QUEBEC CITY, March 13, 2017 (LifeSiteNews) – The statistical report on Quebec’s first full year of state-sanctioned euthanasia shows an alarming trend that raises concerns about the rights of vulnerable Quebecers.
According to the Protection of Conscience Project, “Quebec’s euthanasia rate almost doubled in the last half of 2016.”
One year after legalization of assisted death, Quebec has passed the euthanasia rate that Belgium took five years to reach, the Project reported. “If Quebec's rate continues without escalation throughout 2017, it will exceed that achieved by Belgium after nine years.”
In absolute numbers, there were 256 requests for euthanasia in the first six months of 2016 and 441 in the second half in Quebec. There were 163 patients actually euthanized in the first six months and 286 patients in the second. When the government revealed the numbers for the first six months last November, it also indicated they were three times what was expected.
Quebec’s 449 euthanasia deaths comprised 0.7 percent of all deaths in 2016. In Belgium’s first year (2003), euthanasia accounted for only 0.2 percent of all deaths.
Quebec is ahead of Belgium in its first year by another significant measure, the number of euthanasia deaths per 100,000 people in the population. In Quebec last year, 5.4 people per 100,000 died by euthanasia, while in Belgium’s first year 2.5 people per 100,000 were euthanized. Not until the sixth year in Belgium did the country reach Quebec’s rate in its first year.
The nation that pioneered euthanasia was the Netherlands. It started in 2002 with a rate of 11.7 persons euthanized per 100,000 and now has surpassed 32 per 100,000.
Sean Murphy, the director of the Protection of Conscience Project, is concerned about the increase in numbers between the first half and the second. If Quebec’s growth “continues without escalation throughout 2017, it will exceed that achieved by Belgium after nine years.”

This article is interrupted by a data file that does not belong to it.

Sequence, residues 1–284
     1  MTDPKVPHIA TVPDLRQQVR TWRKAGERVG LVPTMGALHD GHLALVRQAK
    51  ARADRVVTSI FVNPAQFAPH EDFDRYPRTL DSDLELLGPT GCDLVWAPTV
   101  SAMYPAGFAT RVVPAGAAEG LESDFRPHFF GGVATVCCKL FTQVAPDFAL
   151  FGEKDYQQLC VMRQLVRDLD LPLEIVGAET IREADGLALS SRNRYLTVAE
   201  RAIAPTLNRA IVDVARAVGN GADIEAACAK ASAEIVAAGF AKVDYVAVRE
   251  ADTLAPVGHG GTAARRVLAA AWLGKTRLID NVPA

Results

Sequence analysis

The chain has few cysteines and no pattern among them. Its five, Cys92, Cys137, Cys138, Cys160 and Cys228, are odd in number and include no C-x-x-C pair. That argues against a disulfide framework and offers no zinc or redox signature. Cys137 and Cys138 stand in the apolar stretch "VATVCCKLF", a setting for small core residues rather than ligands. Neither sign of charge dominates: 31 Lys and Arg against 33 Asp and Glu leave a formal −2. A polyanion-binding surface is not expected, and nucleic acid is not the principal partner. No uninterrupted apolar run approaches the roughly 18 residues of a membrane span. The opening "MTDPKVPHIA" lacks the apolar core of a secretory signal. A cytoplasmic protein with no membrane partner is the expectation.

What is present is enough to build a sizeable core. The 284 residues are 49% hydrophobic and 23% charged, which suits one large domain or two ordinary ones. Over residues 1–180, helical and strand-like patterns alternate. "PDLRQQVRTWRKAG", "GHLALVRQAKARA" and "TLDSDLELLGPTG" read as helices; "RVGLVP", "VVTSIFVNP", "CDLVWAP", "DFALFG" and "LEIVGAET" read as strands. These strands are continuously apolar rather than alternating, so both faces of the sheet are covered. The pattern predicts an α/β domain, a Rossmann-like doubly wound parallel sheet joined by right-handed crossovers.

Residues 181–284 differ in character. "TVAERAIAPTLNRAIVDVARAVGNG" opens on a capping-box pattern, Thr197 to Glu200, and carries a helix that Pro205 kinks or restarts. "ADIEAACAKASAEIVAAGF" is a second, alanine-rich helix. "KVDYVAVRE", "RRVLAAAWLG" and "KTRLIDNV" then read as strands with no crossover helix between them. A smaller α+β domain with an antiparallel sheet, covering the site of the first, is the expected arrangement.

“Potentially, the increase in numbers and rate means there could be an increase in the pressure being put on people who do not want to participate,” Murphy told LifeSiteNews, referring to health personnel.
The data also show that there were more requests for euthanasia in two Montreal reporting agencies than any other in the province. “It could be the kind of health problems that are treated at the hospitals there,” said Murphy. As for euthanasia requests granted, Quebec City has the province’s highest rate: 12 per 100,000 of population, or 90 in all over the years. There are other wide variations from region to region, and hospital to hospital.
Murphy told LifeSite News that the statistics raised “important questions about the reasons for such variations or trends,” such as possible differences in the quality or accessibility of palliative care or the nature of patient illnesses.
The Protection of Conscience Project usually looks at what provisions there are in different provinces for protecting the consciences of health workers who morally oppose medical procedures such as abortion, contraception and euthanasia.
Correction: LifeSiteNews regrets errors in reporting Sean Murphy’s analysis in our original story. This is a corrected version.